SEATTLE — The federal law listing polar bears as a threatened species was upheld Friday by a federal appeals court, which rejected arguments that it is wrong to impose far-ranging and possibly costly protections for a species that remains fairly abundant in many regions of the Arctic.
Concluding that attacks on the listing “amount to nothing more than competing views on policy and science,” the U.S. Circuit Court of Appeals in Washington, D.C., upheld the U.S. Fish and Wildlife Service’s 2008 decision to protect the animals because the dramatic loss of sea ice leaves them likely to become in danger of extinction.
There are still about 25,000 polar bears around the world, many of them in relatively healthy populations, but scientists fear that climate change is rapidly affecting their ability to sustain those numbers after the next half-century.
Polar bears depend on sea ice as a platform for hunting and often use it for denning. Its loss near the productive, shallow waters close to shore could soon leave the animals in danger of steep decline, federal authorities concluded in their listing decision, which was upheld by the court.
The issue has been highly controversial, particularly in Alaska, where polar bears live side by side with the state’s powerful oil and gas industry. The animal's protection under the Endangered Species Act means much more formidable hurdles for obtaining oil drilling permits, especially as offshore operations expand into the Beaufort and Chukchi seas.
“There are two competing visions of the future of Alaska,” the Alaska Department of Law said when it filed its brief in the case. “Ours is one in which responsible resource development proceeds apace and protections remain in place for wildlife, including polar bears, which we treasure. The other vision is one in which Alaska’s resources are locked up, our economy languishes, we lose population and we lack the capacity to maintain schools, roads, bridges, harbors and airports.... It is imperative that this latter vision does not become a reality.”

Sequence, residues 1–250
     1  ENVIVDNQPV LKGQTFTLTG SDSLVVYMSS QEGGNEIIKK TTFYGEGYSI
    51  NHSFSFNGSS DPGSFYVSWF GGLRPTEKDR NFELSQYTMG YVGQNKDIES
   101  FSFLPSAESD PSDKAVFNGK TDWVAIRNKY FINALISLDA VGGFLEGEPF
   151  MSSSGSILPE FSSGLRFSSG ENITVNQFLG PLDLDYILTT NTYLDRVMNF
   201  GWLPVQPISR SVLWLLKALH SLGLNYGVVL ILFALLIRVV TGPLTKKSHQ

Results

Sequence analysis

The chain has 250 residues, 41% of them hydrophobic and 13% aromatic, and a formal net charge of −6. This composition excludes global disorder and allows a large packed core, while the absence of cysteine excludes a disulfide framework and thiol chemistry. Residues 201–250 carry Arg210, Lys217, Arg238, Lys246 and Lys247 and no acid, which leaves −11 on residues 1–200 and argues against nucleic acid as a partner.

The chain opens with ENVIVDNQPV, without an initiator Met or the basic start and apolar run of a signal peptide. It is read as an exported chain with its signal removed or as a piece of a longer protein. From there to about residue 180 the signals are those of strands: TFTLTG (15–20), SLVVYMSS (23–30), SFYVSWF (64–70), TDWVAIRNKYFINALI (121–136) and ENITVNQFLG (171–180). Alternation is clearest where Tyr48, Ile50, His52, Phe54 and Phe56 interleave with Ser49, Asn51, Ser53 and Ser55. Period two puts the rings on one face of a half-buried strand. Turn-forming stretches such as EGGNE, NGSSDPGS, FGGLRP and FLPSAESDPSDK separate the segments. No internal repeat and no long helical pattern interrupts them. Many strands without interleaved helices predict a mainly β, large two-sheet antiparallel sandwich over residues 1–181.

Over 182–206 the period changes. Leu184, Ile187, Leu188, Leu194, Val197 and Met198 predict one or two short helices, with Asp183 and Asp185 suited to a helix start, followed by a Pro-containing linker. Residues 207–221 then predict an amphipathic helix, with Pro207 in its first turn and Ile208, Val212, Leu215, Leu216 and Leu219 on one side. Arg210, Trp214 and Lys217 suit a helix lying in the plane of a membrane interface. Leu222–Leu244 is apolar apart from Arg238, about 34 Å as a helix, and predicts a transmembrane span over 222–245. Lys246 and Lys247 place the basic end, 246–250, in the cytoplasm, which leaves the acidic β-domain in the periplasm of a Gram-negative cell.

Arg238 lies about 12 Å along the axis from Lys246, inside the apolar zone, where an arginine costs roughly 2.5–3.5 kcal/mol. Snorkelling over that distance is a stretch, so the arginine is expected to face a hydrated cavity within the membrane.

The state, along with the international hunting group Safari Club International, argued that the Fish and Wildlife Service should have taken into account the fact that polar bear populations are healthy in some places, especially in northeast Canada, where steps are being taken to boost their numbers that could negate the dire forecasts.
“For the first time under the ESA, the service … listed a species based on uncertain predictions for future threats of habitat loss, rather than on actual observed population declines or sufficiently likely threats,” the appellants said in their brief. “Moreover, this listing represents the first time the service has listed a species that is at an all-time historical high in population numbers … and is listed solely because of forecasted future trends.”
The appeals court found that the government had established broad scientific agreement that the species’ numbers indeed are headed into a downward spiral and said the agency also met its other procedural requirements for designating a “threatened” status.
Conservationists had initially sued to force the agency to go even further and consider polar bears fully endangered, but they lost that fight in the district court and didn’t appeal.
Kassie Siegel of the Center for Biological Diversity, which originally petitioned to have polar bears listed, said there is little likelihood of a successful appeal. “So for practical purposes, the listing of the polar bear is final, and really no longer under any serious threat from these challenges,” she said.
Still, environmental groups say they are frustrated that the Fish and Wildlife Service has exempted greenhouse gases from consideration as one of the prohibited threats to polar bears, now that they are protected. That was accomplished by a special rule that considers only those threats that occur within the polar bear’s range, not, for example, coal-fired power plants in the continental U.S.
“Beyond this ruling, we also think it’s important that we get serious about dealing with climate change and address the other threats to the species, like over-hunting and toxic contamination,” added Rebecca Riley, an attorney for the Natural Resources Defense Council.